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The Harvard Bride
A Mountain Brook Novel

Katherine Clark

A social satire and a richly nuanced love story of Southern newlyweds who settle in privileged Mountain Brook

Katherine Clark's The Harvard Bride begins with the lavish Mountain Brook wedding of Daniel Dobbs and Caroline Elmore, college sweethearts introduced in Clark's second novel, All the Governor's Men. Picking up where the previous novel ended, The Harvard Bride is a wry comedy of manners and portrait of a marriage unfolding against the backdrop of the return of native Southerners, with their newly completed Ivy League educations, to the self-contained world of Mountain Brook's "Tiny Kingdom."

As a newlywed Caroline struggles to find her bearings—unwilling to join the Junior League, look for a first house, contemplate motherhood, or even finish her thank-you notes. Even worse, she can't manage to fulfill her calling as a writer or accomplish anything else worthy of her Harvard degree. Meanwhile Daniel's career as a first-year associate at a powerful law firm is going so well she hardly sees him. The most exciting aspect of the new bride's life is her handsome next-door neighbor, a writer himself and seemingly a kindred spirit. The reappearance of an old school friend—a Southern belle bombshell in hot pursuit of all eligible bachelors and potential real estate clients—only adds to Caroline's problems. In her desperation to forge an identity wholly her own, Caroline accepts an unexpected job offer from the University of Alabama in Tuscaloosa, forty-five minutes away from home. But just when she thinks she has succeeded in putting her personal and professional life together, her fragile new existence falls inexplicably apart.

Also featuring the return of larger-than-life Brook-Haven headmaster Norman Laney, The Harvard Bride is at once a social satire and a richly nuanced love story. Caroline's journey of self-discovery takes readers from the jeweled heart of Mountain Brook and Bama's sorority row, into James Agee's Hale County—from the inner sanctums of Southern belles into the Deep South rural farmland, where slaves and sharecroppers once toiled. In the South the past often contains the keys to understanding the present and inspiring a better future. As Caroline travels into the heart of the Alabama darkness from which she came, she suddenly comes face to face with what she needs to build a life on her own terms in her native land, if she can summon the courage to make a difficult choice and take a huge risk.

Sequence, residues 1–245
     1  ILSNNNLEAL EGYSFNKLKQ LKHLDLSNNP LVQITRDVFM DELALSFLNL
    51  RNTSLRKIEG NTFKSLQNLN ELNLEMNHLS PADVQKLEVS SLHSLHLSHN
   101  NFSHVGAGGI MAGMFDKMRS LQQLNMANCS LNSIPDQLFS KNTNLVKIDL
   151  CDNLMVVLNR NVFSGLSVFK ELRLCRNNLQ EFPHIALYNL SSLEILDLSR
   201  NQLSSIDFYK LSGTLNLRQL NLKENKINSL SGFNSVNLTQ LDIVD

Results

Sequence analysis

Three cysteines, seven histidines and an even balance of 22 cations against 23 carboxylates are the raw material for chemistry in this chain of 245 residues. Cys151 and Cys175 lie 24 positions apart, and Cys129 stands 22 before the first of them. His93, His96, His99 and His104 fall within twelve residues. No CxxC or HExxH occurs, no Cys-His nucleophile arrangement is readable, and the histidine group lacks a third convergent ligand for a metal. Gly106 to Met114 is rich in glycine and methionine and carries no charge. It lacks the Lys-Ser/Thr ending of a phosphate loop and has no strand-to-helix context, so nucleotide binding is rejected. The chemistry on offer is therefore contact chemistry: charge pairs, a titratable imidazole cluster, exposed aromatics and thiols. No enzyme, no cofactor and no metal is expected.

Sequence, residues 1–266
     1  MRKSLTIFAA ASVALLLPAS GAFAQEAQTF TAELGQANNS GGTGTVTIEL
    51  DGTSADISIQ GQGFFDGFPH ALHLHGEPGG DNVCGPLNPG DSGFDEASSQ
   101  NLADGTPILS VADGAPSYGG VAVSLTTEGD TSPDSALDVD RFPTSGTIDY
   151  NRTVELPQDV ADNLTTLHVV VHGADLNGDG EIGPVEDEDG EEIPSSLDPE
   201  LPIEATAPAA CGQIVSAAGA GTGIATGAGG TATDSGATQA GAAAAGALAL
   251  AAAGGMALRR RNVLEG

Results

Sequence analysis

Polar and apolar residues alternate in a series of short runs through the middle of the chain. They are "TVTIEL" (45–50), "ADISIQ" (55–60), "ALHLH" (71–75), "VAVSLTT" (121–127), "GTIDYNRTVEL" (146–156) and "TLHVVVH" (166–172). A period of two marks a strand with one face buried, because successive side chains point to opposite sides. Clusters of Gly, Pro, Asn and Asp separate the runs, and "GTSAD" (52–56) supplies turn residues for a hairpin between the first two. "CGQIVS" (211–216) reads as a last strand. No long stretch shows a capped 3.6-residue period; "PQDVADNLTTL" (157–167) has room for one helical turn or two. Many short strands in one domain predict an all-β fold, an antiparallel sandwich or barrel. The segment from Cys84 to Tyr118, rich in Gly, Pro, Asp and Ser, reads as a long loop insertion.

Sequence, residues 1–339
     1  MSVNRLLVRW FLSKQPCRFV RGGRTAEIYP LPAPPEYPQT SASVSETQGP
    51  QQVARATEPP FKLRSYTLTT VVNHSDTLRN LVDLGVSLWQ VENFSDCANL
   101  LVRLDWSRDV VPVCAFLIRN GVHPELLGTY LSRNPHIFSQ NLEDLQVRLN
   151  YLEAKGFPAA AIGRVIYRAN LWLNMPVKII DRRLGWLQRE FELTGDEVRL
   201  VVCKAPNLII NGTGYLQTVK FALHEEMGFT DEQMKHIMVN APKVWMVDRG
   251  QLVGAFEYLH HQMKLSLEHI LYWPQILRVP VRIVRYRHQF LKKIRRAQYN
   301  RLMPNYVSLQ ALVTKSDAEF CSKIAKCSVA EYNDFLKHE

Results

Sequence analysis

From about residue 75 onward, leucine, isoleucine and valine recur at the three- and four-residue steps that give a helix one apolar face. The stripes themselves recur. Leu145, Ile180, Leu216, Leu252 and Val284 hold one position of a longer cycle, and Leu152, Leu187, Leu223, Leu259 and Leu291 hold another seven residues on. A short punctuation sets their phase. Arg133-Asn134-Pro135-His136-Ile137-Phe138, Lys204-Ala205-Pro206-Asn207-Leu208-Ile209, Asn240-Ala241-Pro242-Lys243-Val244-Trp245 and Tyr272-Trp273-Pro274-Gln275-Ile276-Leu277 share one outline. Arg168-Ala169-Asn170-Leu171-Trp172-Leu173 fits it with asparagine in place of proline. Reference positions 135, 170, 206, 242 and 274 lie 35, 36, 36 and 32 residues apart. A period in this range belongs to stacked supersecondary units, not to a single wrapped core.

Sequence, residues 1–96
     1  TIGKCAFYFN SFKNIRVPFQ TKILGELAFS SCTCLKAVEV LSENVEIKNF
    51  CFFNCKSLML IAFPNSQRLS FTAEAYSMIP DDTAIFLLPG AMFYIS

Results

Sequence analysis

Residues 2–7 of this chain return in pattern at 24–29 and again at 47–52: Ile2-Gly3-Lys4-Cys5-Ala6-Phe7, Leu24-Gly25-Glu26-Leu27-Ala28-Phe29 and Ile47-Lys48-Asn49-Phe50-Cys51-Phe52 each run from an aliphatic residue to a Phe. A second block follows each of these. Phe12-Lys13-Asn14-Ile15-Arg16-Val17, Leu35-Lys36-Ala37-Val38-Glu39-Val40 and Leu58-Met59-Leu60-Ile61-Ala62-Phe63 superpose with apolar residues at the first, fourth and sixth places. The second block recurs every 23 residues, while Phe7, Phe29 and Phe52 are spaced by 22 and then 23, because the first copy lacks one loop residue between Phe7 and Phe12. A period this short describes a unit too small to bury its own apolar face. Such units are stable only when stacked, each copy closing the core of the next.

Katherine Clark holds an A.B. degree in English from Harvard and a Ph.D. in English from Emory. She is the coauthor of the oral biographies Motherwit: An Alabama Midwife's Story, with Onnie Lee Logan, and Milking the Moon: A Southerner's Story of Life on This Planet, with Eugene Walter, a finalist for a National Book Critics Circle award. The Harvard Bride, the third in her series of Mountain Brook novels featuring Norman Laney and his students, is preceded by The Headmaster's Darlings and All the Governor's Men and will be followed by The Ex-suicide, forthcoming from the University of South Carolina Press's Story River Books, as is her oral biography of Pat Conroy. Clark lives on the Gulf Coast.

"An insider's guide to the drama of the debutante set and a perceptive look at the growing pains of a community attempting to change its deeply entrenched ways. A funny, gossipy look at a slice of the South through the eyes of an indelible character."—Kirkus Reviews




(2016) September
6 x 9
320 pages
ISBN 978-1-61117-720-6
hardcover, $27.99t

ISBN 978-1-61117-721-3
ebook, $17.99t
Story River Books

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